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45 + 120 points

Bigger, Better, or More Bizarre by Spidere, High Countess Emily, Orange Magister, Neil Werewolf, Tony Vila, K prime, Flitworth, Coreopsis Major Bloden Melen, Innocuous Invention

July 13th, 2007 9:23 PM

INSTRUCTIONS: A scavenger hunt with a twist...

Team up with another player (or thirty). Each player or team begins with a small, cheap item, such as an unsharpened number 2 pencil or a cotton ball. Offer these items to innocent bystanders in a trade for something bigger, better, or more bizarre. Repeat the process with the next item you acquire, and the one after that, for a set amount of time (1.5 hours is usually enough to produce absurd results), photographically documenting each trade.

At the end of the game, regroup with your fellow players and compare the spoils of your efforts. Whoever ends with the biggest, best, or most bizarre item wins.

Spidere: organization

July 4th on the National Mall really is the best time to do this. Here in Washington, DC, there were hordes of people waiting for fireworks and visiting from around the country or from around the world. People in a good mood, waiting around, and with plenty of stuff to trade. We were also holding a house party, containing 30-some people of strange dispositions and curious natures. It seemed like the perfect time to do Bigger, Better, or More Bizarre.

I rounded up about 24 people who were willing to play, and began to prepare. why 24? 24 is the number of crayons in a standard box of crayola crayons


and also the number of bottles of water in a cvs package. Everyone was matched into pairs (with one triplet), and each person was given a single crayon from the box of crayons, to begin their trading. Everyone was also given a bottle of water (even in the afternoon, the heat in DC can be daunting). I also printed out signs to make everyone seem more official--on one side, they proclaimed in simple terms "Bigger, Better, or More Bizarre!" and on the reverse gave the instructions and a list of entries to record trades.



We commandeered a metro car...


Soon, everyone was brought to the National Archives metro stop, and the trading began!


In two hours, we returned to talk about our trades--see the stories and pictures below!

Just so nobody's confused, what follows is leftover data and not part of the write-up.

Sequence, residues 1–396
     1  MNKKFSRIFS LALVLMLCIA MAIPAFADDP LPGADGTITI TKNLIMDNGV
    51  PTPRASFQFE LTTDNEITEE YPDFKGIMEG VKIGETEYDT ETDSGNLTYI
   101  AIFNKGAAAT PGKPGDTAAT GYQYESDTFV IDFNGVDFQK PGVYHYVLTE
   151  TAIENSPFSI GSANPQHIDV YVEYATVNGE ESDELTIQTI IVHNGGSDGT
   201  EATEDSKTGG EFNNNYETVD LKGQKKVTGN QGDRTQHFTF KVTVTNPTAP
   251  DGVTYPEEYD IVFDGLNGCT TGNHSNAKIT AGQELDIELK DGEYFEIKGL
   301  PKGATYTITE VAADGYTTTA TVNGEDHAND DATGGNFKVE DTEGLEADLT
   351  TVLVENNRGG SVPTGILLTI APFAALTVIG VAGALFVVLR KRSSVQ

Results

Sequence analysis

And in the end, we all got to see the fireworks.


In the future there will be no money. One by one currencies will collapse across the world as humanity is plunged into an unfathomable darkness. In every capital city and every economic hub there will be chaos. Anarchists, terrorists, and pseudo-communist undergraduates will smile, briefly, before realizing how very wrong they were. Manhattan will resound with the wailing and gnashing of teeth of stockbrokers, investors, bankers and usurious lenders alike. When this day comes only bartering will allow what is left of the population to survive. It is in the spirit of perseverance and the determination to live through the coming annihilation of the world financial system as we know it that I joined Bigger, Better, or More Bizarre. It is we few who have truly learnt the value of a crayon who will rebuild America. It will be people like Alexa Fields (who have discovered that the American flag isn't just worth the symbology of the heart and soul of our great nation and precious freedoms, it's worth a strapless bra) who will help us be reborn. Although currently in a job that will turn to dust when the blackness descends Dennis Clark will be ready because he has seen beyond and knows how to acquire the printed word through exchanging goods. Our future leaders are already maturing; Men like Spidere, who have organized these activities that will hone our skills. Women like Kim Kramer who can acquire Swedish military chapstick (the most amazing substance on earth, second only to duct tape and soy in its versatility). Food, maps, collapsible binoculars, other people's medication, things with buttons on them - these will be what carry us towards the light, give us strength, and heal our country. How fitting that in the year of our lord 2007 on Independence Day we came together and dedicated our minds to that which will allow the United States of America to assume the powers of the earth once more in the aftermath of catastrophe.